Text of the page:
It's 2022. We all know what the terms cultural appropriation and gentrification mean. For the Latinx/Latino/Latina community, seeing our culture appropriated by a largely white community here in the U.S. has become an unfortunately regular part of our lives. There are examples you can find in every corner of the social media world.
This type of appropriation does a few things. First of all, it is insulting to the cultures it steals from and passes off as original. It also cheapens the labor and the influence that Latin culture has had and lives with here in this melting pot country. We must recognize where these things come from for the respect of our culture--and for the quality of goods, quite frankly. The consequences of this appropriation happen when corporations see masses of white consumers jumping on something and capitalizing on it, then they often gouge the price of the original product while removing what made it unique.
Combating this problem is often difficult. Going up to white people who commit these types of cultural robbery and calling them out is important, but it doesn't often have the desired effect. As our mothers may have taught us about empathy, sometimes you have to put other people in the shoes of the marginalized to understand why these things are hurtful. Daniela Rabalais has come up with a brilliant, powerful, and hilarious way of doing this on TikTok, with the video series titled, "If BIPOC appropriated foods like ⚪️ people do to our cultural food."
The general principle is reversing the appropriation. Rabalais talks about going to "Trader Jose's" and describes very typically American food as a foreign novelty that she satirically butchers in the description, pronunciation, and overall idea of the food itself. Describing mayonnaise as a "kind of crema" is hilarious when you consider the often used trope of mayonnaise being a quintessential "white persons" condiment.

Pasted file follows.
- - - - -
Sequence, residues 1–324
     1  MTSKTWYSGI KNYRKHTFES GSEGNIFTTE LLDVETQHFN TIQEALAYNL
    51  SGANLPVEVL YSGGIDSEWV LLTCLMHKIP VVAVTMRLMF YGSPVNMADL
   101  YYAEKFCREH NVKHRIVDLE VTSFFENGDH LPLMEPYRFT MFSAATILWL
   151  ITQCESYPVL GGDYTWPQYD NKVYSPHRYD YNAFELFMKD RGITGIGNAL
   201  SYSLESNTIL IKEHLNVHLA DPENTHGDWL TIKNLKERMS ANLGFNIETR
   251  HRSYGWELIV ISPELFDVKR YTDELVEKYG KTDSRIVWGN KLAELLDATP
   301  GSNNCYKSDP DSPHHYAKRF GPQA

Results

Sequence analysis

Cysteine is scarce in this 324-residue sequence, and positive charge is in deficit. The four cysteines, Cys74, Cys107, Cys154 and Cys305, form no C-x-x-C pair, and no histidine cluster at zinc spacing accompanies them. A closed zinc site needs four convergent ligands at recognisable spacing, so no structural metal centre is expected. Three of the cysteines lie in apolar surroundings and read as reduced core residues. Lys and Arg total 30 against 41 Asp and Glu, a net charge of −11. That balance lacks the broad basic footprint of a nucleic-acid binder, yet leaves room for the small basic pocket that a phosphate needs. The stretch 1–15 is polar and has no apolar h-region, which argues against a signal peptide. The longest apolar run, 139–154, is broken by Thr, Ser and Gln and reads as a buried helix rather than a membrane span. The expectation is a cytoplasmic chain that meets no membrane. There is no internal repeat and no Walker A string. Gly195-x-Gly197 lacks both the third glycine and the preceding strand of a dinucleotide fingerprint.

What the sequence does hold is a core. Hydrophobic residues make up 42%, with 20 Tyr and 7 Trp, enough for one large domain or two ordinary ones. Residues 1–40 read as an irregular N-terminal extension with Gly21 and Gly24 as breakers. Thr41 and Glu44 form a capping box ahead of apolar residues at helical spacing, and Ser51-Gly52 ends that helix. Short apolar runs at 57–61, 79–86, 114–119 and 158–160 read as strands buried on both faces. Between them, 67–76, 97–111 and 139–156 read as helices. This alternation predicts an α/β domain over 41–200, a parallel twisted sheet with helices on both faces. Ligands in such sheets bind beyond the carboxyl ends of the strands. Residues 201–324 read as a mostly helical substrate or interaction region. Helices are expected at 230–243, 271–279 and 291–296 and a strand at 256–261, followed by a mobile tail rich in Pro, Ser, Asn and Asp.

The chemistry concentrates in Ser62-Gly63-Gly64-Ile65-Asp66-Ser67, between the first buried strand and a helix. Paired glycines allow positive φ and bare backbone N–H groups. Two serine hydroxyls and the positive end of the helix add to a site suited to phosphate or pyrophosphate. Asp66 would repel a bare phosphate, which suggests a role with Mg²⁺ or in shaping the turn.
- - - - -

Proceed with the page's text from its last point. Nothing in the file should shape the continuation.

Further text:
So far in her video series, Rabalais has used hamburgers from Mcdonald's, the classic American hot dog, and frozen chicken nuggets with macaroni and cheese. Not limiting the joke to the food itself, her satirization of McDonald's holds more meaning in 2022 as wages are at all-time lows and the treatment of fast food employees has become more topical than ever. I spoke with Rabalais and was able to ask a few questions about how these videos got started.
En Fuego: How did you come up with the idea of doing these sort of "reverse appropriation" videos?
Daniela Rabalais: I saw many of the creators of color that I follow on TikTok sharing videos of different white creators appropriating things like elote and agua fresca, so I thought it’d be a light-hearted way to highlight the issue of cultural appropriation.
EF: The way you reversed the stereotype to show how McDonald's employees in the prototypical "white American" food environment is so genius. Do you think it's important for us to see more clearly that cheap stereotypes are not only racist but also ignore America's worst problems?
DR: Absolutely! Unfortunately, many stereotypes are derived from very real systemic issues that go unaddressed for the sake of capitalism and greed.
EF: What would you like to see most in terms of Mexican food culture getting proper recognition and not the gentrification treatment?
DR: I’d love to see Mexican food when made by Mexicans receive the same praise as the watered-down version of it, as when white creators appropriate it, and I’d like for corporations to stop prioritizing and capitalizing on caricatures of Mexican culture. I believe culture should be shared and celebrated, and people outside of that culture doing so is not the issue. The issue is that the same or, frankly subpar imitations, of things that are worshipped when white people and corporations adopt them are the same things that are weaponized to harass & oppress those who originated them.
I recognize that it can be confusing, but like learning any new skill, you start to figure it out. Mexicans by and large love it when people take a crack at the language. It's a wonderful thing to go down to the Mexican restaurant for your birthday and have the staff sing "Las Mañanitas" after they've placed a sombrero on your head. It's another thing altogether to show up at a Halloween Party in a drawn-on mustache, a poncho, and a couple of fake pistols strapped to your belt with a shirt that says, "bad hombre."
After all, as Rabalais has pointed out, the gun-carrying fanatic is a distinctly American problem...
Now, let me go make myself a sausage taco for Taco Tuesday.